To begin with, this means making do with less. Less travel, less consumption, less variety, and less disposable income. Down, says the optimist, with the tyranny of choice!

In addition to outright restrictions, we are also on the verge of a vast decentralisation. From entertainment to administration, many facets of life will be provincialised. The EU, for example, will likely see many of its functions devolved to the nation-state, while larger countries revert to a variety of regional solutions. The US National Football League, thank Covid, will no longer play in London each autumn.

As sites of unbridled contagion, the world’s megacities will also see their stock fall, while that of provincial cities rises: first in healthcare and rapid response infrastructure, but later in commerce, entertainment, food processing, research and development, education, and even (renewable) energy. Motors of greater sustainability, mid-sized cities will inch closer to their place in the sun, the shine of Bogotá, Bangkok, and Mumbai gradually offset by Bucaramanga, Bandung, and Bahawalpur.

The empire of empathy

What could possibly hold the crumbling edifice of our ‘international community’ together? As prisons throw open their doors, Americans stockpile weapons, unemployment reaches all-time highs, and millions of bickering couples remain confined to small apartments, a Hobbesian free-for-all seems more likely than spontaneous outpourings of brotherly love.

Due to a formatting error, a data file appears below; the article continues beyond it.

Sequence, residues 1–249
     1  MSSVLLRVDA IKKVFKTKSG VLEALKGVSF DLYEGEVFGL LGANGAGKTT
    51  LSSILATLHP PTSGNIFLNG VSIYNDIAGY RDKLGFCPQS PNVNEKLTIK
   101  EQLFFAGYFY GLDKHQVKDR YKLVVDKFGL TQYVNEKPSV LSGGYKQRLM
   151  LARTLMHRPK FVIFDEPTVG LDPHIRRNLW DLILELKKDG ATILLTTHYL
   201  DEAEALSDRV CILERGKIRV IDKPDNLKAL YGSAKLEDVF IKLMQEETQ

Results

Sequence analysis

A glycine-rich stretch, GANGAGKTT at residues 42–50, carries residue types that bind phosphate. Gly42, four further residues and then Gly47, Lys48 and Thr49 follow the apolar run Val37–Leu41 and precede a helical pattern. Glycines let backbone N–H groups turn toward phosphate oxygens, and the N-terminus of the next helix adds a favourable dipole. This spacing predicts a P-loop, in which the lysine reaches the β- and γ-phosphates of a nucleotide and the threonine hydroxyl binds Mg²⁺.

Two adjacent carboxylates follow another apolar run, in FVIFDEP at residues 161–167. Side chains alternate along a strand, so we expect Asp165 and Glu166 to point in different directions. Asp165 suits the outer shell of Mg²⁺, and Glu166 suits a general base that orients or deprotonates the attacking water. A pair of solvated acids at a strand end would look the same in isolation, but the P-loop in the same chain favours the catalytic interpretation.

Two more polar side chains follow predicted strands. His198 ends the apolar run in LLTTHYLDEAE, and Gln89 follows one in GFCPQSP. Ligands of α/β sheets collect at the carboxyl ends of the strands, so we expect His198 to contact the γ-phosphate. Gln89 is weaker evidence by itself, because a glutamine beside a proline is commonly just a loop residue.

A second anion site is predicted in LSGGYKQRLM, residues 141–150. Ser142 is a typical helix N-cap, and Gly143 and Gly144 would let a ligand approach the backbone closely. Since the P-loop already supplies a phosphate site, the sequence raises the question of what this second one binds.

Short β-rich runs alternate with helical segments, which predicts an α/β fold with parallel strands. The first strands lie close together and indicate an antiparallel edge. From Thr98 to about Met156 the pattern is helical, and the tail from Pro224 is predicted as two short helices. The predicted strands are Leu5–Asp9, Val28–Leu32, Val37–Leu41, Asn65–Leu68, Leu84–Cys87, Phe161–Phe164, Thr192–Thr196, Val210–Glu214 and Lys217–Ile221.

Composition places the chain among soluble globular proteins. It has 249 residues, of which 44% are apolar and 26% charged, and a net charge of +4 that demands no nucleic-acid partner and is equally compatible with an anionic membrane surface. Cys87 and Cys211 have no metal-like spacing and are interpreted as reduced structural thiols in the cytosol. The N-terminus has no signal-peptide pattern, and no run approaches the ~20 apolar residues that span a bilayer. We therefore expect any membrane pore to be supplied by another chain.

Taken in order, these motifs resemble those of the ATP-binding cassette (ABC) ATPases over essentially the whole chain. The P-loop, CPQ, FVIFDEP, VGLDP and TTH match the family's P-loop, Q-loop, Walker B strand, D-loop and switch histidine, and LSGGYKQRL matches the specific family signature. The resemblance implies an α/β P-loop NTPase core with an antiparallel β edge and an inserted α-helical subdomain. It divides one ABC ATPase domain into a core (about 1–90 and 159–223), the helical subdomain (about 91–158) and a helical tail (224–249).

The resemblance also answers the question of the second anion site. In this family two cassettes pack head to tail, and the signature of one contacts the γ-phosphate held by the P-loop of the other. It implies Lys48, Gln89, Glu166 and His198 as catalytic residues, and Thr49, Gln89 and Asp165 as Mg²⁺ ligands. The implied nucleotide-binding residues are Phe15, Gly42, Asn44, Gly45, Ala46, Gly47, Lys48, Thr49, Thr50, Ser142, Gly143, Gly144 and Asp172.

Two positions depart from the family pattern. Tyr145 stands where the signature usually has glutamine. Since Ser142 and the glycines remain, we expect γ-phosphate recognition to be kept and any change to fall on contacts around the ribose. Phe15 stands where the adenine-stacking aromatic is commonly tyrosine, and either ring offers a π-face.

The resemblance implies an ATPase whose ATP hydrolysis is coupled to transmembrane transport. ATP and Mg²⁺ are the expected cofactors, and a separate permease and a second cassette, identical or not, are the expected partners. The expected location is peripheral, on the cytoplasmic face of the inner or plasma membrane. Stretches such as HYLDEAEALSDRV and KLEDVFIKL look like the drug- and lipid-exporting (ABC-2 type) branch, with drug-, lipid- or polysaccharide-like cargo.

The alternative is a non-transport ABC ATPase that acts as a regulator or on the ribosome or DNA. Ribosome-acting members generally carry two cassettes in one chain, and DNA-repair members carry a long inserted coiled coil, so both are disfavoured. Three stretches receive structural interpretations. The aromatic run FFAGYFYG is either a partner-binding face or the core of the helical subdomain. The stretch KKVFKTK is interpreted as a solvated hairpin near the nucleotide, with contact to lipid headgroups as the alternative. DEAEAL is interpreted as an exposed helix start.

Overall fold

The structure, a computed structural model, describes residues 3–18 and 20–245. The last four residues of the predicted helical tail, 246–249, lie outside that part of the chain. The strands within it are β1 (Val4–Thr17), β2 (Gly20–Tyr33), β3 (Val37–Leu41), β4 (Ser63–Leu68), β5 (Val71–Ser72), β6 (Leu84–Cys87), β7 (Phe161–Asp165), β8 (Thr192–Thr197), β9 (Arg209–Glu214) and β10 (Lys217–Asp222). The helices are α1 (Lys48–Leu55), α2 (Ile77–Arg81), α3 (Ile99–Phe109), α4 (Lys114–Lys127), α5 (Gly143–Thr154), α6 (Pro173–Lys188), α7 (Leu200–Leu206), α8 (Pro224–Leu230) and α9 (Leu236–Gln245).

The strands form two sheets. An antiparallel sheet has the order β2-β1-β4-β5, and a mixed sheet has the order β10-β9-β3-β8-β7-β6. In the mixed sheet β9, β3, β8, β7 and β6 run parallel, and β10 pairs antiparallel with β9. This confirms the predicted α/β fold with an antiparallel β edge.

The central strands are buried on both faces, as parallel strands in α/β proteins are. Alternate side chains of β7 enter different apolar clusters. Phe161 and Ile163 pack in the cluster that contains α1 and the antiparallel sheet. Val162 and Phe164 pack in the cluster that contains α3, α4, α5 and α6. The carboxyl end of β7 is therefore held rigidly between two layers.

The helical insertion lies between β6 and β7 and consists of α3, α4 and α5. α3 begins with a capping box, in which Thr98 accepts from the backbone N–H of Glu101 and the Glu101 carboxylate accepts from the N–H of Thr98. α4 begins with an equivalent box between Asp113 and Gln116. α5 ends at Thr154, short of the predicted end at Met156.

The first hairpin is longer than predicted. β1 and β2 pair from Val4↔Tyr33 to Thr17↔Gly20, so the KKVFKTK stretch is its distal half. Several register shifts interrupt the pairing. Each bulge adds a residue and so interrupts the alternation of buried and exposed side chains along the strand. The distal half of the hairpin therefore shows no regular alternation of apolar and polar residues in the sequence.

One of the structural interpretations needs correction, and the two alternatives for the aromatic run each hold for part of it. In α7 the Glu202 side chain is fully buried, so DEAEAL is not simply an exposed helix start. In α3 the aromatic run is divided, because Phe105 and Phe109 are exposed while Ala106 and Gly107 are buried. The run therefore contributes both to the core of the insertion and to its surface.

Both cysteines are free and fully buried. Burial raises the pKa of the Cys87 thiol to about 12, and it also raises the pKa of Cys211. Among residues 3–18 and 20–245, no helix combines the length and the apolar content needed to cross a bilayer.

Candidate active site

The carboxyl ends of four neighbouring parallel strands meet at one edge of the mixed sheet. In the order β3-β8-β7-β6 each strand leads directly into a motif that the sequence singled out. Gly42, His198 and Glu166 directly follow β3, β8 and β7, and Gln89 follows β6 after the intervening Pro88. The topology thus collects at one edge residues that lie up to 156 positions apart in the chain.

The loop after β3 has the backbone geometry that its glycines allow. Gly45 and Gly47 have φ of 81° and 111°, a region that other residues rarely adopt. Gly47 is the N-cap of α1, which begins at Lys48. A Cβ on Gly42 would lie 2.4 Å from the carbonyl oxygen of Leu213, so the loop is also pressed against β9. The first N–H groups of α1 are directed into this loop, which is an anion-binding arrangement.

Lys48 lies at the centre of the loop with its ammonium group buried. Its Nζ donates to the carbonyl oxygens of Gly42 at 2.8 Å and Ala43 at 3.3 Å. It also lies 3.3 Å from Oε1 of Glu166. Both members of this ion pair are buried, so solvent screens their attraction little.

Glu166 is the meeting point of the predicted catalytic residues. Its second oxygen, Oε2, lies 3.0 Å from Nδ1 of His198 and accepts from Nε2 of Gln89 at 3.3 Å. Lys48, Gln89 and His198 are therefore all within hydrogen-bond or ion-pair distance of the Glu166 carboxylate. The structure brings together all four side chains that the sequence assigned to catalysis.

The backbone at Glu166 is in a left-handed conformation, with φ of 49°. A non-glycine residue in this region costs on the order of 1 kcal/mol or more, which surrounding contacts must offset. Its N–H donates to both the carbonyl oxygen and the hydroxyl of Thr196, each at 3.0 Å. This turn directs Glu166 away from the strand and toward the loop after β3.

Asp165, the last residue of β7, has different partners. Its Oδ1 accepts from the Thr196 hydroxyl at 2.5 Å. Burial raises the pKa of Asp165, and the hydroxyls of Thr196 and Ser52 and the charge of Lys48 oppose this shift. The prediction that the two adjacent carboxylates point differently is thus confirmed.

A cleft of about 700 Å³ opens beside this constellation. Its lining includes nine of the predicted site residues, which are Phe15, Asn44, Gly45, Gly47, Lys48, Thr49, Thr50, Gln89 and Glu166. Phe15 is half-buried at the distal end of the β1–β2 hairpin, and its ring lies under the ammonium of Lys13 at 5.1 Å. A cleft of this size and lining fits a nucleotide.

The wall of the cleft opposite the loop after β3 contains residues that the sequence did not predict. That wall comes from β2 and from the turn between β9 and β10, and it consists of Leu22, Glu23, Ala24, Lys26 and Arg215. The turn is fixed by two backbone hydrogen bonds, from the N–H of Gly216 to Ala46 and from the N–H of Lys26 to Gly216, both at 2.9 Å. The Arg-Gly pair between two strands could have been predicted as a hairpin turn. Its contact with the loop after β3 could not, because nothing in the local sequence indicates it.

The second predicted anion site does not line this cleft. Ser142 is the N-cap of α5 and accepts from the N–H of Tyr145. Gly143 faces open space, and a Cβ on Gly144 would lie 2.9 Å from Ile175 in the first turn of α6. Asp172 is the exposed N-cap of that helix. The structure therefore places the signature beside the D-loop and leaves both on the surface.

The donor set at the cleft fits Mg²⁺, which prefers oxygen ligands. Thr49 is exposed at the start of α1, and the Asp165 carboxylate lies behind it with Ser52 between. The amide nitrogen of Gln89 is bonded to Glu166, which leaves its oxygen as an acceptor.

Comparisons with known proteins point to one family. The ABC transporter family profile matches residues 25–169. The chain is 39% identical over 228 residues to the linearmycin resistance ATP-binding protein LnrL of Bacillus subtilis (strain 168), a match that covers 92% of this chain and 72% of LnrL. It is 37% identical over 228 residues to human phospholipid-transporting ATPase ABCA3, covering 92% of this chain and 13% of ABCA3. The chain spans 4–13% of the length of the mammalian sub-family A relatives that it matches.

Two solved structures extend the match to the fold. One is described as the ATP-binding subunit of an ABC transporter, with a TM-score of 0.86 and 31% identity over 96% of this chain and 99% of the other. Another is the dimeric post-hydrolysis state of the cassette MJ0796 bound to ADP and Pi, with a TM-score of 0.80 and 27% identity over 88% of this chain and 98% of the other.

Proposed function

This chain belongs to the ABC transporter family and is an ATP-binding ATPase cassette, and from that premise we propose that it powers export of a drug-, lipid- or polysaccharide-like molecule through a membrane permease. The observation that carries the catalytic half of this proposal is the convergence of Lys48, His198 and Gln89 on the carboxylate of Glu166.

But given the stakes — the viability of social life on earth —we should probably give it a shot. How to keep the goddess Kali at bay? By expanding the empire of empathy. 

On an individual level, this means attempting to correct our own faults — lest our roommates suffocate us in our sleep — and forgiving those of others. At the international political level, it means replacing geopolitical posturing with coordinated attempts to stop the virus. For at least the next year, diplomacy must be elevated to streamlining global public health initiatives.

For the fact is this. Though rivalries and fisticuffs are so much fun, we must set them aside for a time to serve a higher master. In addition to laying down our own flags, be they personal, professional, political, or proprietary, we must fight under a new banner, extending, against all odds, the empire of empathy as far as her natural boundaries will go.

Should we fail to, the days to come may prove more solitary, poor, nasty, brutish, and long than even the month of March.